By Shirine Koury-Haq, Chief Financial Officer
As part of our Black History Month activity many colleagues, including myself, were lucky enough to hear from John Amaechi OBE about what it means to be anti-racist and an ally.
The session was extremely powerful and to hear from John, who is a respected psychologist and public speaker, about how we can all educate ourselves and become allies for Black people was really inspiring.
John and a number of our colleagues shared their own personal experiences. While some of us will have experienced some aspect of racism ourselves, or been with friends/family as racism happens, or heard from our friends and family about their experiences after the fact – it’s always difficult to hear about the racism that occurs every day.
The impact on individuals confronted by racism is profound. Children impacted by racism when they don’t have the tools to understand or deal with it is heartbreaking, as is the anguish of their parents having to explain what’s happened and how to manage it to their children. The coping mechanisms that people have to adopt is a waste of energy that could be better spent on enjoying their lives.
We all know that racism is wrong but hearing stories about how people’s lives are affected on a daily basis because of the racism that exists in society, consciously and unconsciously, cements how it truly has no place in our society.
Nobody should have to think twice about putting on a hoodie when it’s cold and raining outside, but sadly many Black people do – out of fear of being stopped and searched – simply because of the way they look. This is just one of many examples. The impacts on education, social and career progression are grossly unfair and while my children are not Black, they are of BAME backgrounds, and I do not want them growing up in a society that treats them or their Black friends in this way.
So how can we all be allies?
- Embrace the wince – John is an advocate of ‘embracing the wince’. This means if, in your efforts to engage in topics of race or the particular issues faced by Black people in our organisation or society, you do or say something that doesn’t land quite right, don’t forget about it – learn from it. This will help you to think before you speak in future and also give you the confidence to continue to be fully engaged in being an ally.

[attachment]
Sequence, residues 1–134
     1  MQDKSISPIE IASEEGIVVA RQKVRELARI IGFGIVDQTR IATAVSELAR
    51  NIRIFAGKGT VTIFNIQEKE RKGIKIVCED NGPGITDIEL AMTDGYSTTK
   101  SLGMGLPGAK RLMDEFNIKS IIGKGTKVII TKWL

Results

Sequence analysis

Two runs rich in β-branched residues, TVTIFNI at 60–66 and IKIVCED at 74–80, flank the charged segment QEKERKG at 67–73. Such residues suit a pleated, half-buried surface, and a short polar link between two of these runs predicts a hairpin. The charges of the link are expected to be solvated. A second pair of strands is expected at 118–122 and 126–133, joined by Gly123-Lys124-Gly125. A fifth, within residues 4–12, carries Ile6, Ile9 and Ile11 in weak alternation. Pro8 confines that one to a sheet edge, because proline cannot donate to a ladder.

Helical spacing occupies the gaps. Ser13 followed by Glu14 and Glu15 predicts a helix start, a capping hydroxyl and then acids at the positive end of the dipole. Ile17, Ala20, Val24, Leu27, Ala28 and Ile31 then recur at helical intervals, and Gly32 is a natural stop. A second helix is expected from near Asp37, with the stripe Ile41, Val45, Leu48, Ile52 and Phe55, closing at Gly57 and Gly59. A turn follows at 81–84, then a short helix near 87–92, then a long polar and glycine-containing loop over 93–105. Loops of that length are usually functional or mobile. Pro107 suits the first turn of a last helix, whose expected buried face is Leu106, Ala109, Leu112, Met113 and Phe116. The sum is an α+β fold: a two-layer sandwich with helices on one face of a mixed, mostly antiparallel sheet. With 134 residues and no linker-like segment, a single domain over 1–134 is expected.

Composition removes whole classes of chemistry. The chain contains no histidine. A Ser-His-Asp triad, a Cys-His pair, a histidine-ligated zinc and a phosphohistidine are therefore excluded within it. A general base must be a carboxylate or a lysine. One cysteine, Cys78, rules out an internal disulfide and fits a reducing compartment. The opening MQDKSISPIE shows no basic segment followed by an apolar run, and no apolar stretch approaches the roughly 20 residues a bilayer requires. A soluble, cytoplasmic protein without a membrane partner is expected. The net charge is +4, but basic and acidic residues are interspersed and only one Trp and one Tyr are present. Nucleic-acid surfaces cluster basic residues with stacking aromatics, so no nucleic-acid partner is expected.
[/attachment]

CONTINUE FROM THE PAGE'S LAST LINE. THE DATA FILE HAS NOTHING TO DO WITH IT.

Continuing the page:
- Call it out – if you do witness overt racism, unconscious bias or micro-aggressions, make a point there and then. This is what it means to be anti-racist. All too often things aren’t said in the moment which means things that aren’t right, aren’t addressed. This doesn’t mean an argument, it can be as simple as steering the conversation back to a colleague who has been overlooked by someone but who is making a relevant point/thought.
- Create a culture of inclusion – related to the above, one key point that John made in his session is that the culture of an organisation is defined by the worst behaviour that it tolerates. We must have a zero tolerance approach to any kind of racism. Calling it out is a good start. Being a true ally and actively doing something to help fix the issue is another good step.
- Create authentic relationships – create relationships with Black people in your work and personal life. It helps to truly understand what people go through every day and fuels the fire of wanting to make the world a better place for them and for all of us. It leads to authentic, brave and consistent action when it comes from within rather than on a superficial level. If you are in a place of trying to understand issues of race, please get to know people on a human level while trying to understand their lived experience.
I learned a lot from this session and I was delighted with the passion with which our wonderful colleagues of all races came together in the discussion. Please do watch the video if you haven’t already and I hope you all find it useful too.